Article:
• Looks like your mom forgot all about you again; gee, I’m sorry bud…
  • Guess you’re mom’s too busy with her: new boyfriend, new husband, new baby, new step-children, her friends and forgot about you again.
  • I hate to say this, but I don’t think your mom’s coming
  • This is what moms do when they don’t want kids – they don’t show up
  • This is exactly what your mom did to me – I sat there waiting for her and she never came back
  • Not being on-time is a sign of disrespect; she doesn’t respect my time or yours if she’s making us wait here like this
  • I know you don’t like waiting and it’s boring but if we leave or try to call her she’ll call the police on me
  • If you were living with me, this’d never happen
  • It really makes me sad how your mom mistreats you

An abusive parent won’t call the other parent to ask why he/she’s genuinely late and will “fake call” for the child’s sake if the child asks that the other parent be called. Unlike a non-abusive parent, the abusive parent seeks to get the child upset and agitated.

The reason why the tactics above work is because the child’s experience is indeed being based upon some level of truth (ie: we’re at the pick-up/drop-off location at the time dad said she’d be here but the fact of the matter is she’s not here). Add the natural reaction of anxiety, worry or doubt, place a few harmful suggestions (or “wonder out loud”) and viola – the child will come up with an understanding all his/her own: Mom’s not here because (fill in any of the “explanations” provided in the list above).

Once the child has this “understanding” the consequential fallout doesn’t take a PhD to figure out: When Mom eventually shows up, the child is angry/hurt because of the accepted explanation given by the abusive parent so chances are the child will want to hurt mom back by either lashing out, refusing to leave with her or by giving her a hard time. Most children don’t want to talk about their feelings in the moment when they’re angry so if mom decides to wait it out or write the child’s reaction towards her off as a “mood swing” the abuser’s explanation is what will hold ground in lieu of the child pursuing the objective truth. Think about it: do you really think a child is going to ask his/her mom “Were you late picking me up because you were too busy with the other kids?” or accuse her of being late because she was too busy with the other kids?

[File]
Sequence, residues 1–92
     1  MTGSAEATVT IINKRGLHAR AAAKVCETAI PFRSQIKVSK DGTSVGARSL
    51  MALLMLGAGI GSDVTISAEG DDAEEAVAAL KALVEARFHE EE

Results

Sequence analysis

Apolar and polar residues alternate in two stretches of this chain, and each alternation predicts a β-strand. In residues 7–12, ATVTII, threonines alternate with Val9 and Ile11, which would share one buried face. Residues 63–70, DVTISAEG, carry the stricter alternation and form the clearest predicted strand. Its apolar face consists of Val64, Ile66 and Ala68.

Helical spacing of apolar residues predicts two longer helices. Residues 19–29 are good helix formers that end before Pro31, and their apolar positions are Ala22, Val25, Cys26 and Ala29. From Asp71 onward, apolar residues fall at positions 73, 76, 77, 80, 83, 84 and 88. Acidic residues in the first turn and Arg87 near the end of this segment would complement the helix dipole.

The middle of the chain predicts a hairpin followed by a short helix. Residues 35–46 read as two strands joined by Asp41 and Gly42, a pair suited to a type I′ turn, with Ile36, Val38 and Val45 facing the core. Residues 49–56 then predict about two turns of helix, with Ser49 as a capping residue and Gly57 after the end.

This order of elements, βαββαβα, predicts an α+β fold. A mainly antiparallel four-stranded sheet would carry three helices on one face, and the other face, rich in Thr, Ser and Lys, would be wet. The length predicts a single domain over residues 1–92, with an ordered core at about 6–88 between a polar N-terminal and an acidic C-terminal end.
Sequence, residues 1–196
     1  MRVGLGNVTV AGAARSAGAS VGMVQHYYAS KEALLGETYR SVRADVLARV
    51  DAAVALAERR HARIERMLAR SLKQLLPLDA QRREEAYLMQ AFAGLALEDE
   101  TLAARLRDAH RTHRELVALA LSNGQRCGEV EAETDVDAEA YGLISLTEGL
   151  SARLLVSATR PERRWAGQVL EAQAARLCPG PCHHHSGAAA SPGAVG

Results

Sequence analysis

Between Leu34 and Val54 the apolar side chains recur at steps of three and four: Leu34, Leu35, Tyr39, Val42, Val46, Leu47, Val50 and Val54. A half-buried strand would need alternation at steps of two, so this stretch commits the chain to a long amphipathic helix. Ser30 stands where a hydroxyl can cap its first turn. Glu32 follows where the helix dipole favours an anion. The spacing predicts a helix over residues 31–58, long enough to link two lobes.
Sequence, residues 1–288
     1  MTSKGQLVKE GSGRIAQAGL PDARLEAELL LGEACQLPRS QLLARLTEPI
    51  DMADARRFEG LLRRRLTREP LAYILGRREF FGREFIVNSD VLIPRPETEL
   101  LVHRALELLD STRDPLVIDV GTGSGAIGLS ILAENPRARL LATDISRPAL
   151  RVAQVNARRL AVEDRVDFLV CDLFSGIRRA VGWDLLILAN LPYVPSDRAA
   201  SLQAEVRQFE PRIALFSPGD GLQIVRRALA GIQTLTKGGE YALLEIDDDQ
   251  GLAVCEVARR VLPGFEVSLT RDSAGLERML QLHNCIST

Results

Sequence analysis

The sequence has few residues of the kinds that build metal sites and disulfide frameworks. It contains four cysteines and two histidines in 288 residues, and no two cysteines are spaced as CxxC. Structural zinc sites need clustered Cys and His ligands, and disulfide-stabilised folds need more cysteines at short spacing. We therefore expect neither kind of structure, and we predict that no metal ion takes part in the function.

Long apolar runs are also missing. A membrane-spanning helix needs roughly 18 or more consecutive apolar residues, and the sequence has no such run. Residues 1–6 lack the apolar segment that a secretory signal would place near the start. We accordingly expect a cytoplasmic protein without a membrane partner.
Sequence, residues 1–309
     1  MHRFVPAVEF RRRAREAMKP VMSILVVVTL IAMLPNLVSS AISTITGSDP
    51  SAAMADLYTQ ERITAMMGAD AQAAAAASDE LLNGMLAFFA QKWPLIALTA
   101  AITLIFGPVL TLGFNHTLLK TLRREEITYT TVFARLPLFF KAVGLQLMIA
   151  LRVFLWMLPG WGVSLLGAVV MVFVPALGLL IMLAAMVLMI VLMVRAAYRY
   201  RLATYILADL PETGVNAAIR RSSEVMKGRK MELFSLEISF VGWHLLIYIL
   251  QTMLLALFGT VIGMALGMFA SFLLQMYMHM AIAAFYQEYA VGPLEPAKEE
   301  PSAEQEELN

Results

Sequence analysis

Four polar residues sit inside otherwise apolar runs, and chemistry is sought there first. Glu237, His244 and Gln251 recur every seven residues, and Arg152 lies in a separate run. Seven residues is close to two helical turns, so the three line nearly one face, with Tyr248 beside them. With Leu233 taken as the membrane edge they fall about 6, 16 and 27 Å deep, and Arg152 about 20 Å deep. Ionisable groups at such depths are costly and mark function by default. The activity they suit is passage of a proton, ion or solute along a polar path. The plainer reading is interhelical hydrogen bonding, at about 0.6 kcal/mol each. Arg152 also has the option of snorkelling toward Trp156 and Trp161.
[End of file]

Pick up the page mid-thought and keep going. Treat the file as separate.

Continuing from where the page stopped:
The process described above is abuse but it gets mislabeled as “Parental Alienation” when that’s NOT actually and factually what’s going on! More worrisome is that in Lisa’s case, it’s not a distraught parent whose mislabeled abuse, but a court ordered forensic psychologist! A kid’s life and relationship with his mother is at-stake and the “professional” is trying to prove fairy dust in a court of law.

Though I don’t know Lisa’s case enough to know if DV was a factor, it’s clear she’s caught up in the family court crisis and while I totally disagree with the “pathological parental alienation diagnosis” some things in life are just flat out wrong and this is one of them.

If you’re interested in supporting Lisa and her fight for her son, click here: